Wisconsin’s Gov. Evers vetoes APRN independent-practice bill

What’s the news: Wisconsin Gov. Tony Evers has vetoed a bill that would have granted advanced practice registered nurses (APRNs) the legal ability to practice independently. The governor’s action was supported by the AMA and the Wisconsin Medical Society.

Senate Bill 394 would have removed physician supervision or collaboration requirements for nurse practitioners, nurse anesthetists and clinical nurse specialists after 3,840 clinical care hours in their respective APRN role with a physician or dentist. For nurse midwives, another type of APRN, the legislation would have removed the collaboration requirement altogether. 

Physicians, prompted by the Wisconsin Medical Society’s call to action that was amplified by the AMA Scope of Practice Partnership, urged Evers to veto the bill.

“Wisconsin consistently ranks as one of the best states in the country for high quality and efficient health care,” says a message that doctors sent to the governor. “Physician-led health care teams support that quality; SB 394 would fracture those teams by allowing certain nurses to practice independently.

“Physicians know the importance of nurses and what they mean for patient care. Vetoing SB 394 will help ensure patients can continue to benefit from the education, training and experience of the entire health care team.”

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Why it’s important: In his veto message (PDF), Evers said “the bill before me today does not address some of the issues raised by parties in the medical profession that went unremedied during the legislative process.”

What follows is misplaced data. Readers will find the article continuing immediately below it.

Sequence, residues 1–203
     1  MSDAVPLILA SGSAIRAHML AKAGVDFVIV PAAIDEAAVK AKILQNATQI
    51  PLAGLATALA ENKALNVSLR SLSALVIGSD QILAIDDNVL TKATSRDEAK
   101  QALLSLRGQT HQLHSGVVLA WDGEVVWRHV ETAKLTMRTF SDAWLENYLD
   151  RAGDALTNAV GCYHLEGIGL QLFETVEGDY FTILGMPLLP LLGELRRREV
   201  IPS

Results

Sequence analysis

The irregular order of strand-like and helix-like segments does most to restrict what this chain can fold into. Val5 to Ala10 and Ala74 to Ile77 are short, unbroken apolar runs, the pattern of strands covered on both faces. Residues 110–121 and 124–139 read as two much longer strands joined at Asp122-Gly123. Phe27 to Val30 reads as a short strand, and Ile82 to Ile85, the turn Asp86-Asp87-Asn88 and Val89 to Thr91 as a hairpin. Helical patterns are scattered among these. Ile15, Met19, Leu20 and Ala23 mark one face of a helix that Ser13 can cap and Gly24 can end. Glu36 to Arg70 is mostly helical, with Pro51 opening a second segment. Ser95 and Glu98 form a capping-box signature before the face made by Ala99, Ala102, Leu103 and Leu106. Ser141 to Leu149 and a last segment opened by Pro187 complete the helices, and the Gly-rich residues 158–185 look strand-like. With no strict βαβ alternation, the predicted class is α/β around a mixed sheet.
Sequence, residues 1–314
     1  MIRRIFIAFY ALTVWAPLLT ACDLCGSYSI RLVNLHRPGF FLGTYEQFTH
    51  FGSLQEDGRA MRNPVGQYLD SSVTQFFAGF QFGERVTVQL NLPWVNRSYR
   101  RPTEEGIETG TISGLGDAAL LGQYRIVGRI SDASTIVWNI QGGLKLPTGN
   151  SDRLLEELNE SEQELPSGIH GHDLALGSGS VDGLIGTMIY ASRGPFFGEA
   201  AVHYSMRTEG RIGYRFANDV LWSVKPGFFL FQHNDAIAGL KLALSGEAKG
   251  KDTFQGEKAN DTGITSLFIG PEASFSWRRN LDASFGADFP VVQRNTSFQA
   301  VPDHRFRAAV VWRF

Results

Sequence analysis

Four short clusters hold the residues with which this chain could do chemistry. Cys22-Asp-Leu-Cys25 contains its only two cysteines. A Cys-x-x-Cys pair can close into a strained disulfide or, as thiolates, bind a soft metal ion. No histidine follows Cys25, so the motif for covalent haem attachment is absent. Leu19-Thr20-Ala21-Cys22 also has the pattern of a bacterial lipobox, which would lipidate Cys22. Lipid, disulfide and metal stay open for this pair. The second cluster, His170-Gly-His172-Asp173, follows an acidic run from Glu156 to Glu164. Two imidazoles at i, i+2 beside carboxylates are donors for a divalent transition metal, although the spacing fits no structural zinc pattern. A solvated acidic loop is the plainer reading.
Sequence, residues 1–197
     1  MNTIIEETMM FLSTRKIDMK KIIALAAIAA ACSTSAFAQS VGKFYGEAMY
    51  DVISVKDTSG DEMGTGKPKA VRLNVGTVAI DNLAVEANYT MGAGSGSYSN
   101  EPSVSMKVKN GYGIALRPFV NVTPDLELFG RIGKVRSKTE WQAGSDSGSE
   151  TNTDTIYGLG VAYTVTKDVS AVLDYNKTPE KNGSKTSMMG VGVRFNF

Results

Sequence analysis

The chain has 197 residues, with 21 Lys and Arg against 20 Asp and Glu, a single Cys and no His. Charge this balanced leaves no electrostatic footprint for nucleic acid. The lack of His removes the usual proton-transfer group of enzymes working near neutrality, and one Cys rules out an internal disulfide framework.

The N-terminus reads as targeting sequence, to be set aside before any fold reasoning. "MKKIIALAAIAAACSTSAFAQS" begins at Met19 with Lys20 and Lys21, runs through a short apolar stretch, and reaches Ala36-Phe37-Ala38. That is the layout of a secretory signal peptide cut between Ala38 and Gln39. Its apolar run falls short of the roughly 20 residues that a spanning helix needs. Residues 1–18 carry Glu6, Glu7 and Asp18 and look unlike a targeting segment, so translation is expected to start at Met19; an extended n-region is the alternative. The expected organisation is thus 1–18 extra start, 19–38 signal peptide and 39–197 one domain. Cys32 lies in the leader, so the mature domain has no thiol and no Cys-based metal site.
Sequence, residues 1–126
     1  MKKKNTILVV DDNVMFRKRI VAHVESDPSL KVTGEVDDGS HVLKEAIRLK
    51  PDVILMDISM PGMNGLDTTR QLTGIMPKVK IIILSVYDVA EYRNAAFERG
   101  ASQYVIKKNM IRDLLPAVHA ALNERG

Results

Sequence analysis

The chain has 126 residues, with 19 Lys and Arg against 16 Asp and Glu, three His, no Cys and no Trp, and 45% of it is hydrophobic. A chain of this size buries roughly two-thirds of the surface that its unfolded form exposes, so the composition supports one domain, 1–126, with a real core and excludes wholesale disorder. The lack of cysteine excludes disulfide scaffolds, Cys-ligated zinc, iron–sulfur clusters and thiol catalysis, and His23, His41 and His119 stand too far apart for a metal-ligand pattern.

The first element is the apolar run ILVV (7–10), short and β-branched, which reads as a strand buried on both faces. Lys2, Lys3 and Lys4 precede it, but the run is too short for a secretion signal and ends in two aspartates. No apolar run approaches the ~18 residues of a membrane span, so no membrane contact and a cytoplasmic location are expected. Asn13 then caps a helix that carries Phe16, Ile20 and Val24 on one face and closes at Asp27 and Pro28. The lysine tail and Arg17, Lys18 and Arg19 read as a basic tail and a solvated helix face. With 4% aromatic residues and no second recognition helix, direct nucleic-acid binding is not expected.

Evers wrote that he decided to veto SB 394 because he objected “to altering current licensure standards for APRNs, allowing practices functionally equivalent to those of physicians or potentially omitting physicians from a patient’s care altogether notwithstanding significant differences in required education, training and experience.” 

Patients are concerned about the cost and quality of health care. While there is certainly room for improvement in the health care system, allowing nonphysicians, including nurse practitioners, to diagnose and treat patients without any physician oversight is a step in the wrong direction. The best way to support high-quality care and lower costs is to keep physicians as the leader of the health care team.

Physicians have the highest level of training within health care and 20 times the clinical training compared with nondoctors. Meanwhile, 91% of patients say a doctor’s education and training are vital for optimal care, and 95% say it’s important for a physician to be involved in their diagnosis and treatment. Read more from AMA on protecting access to physician-led care (PDF).

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Why expanding APRN scope of practice is bad idea

Learn more: Patients deserve care led by physicians—the most highly educated, trained and skilled health care professionals. Through research, advocacy and education, the AMA vigorously defends the practice of medicine against scope-of-practice expansions that threaten patient safety.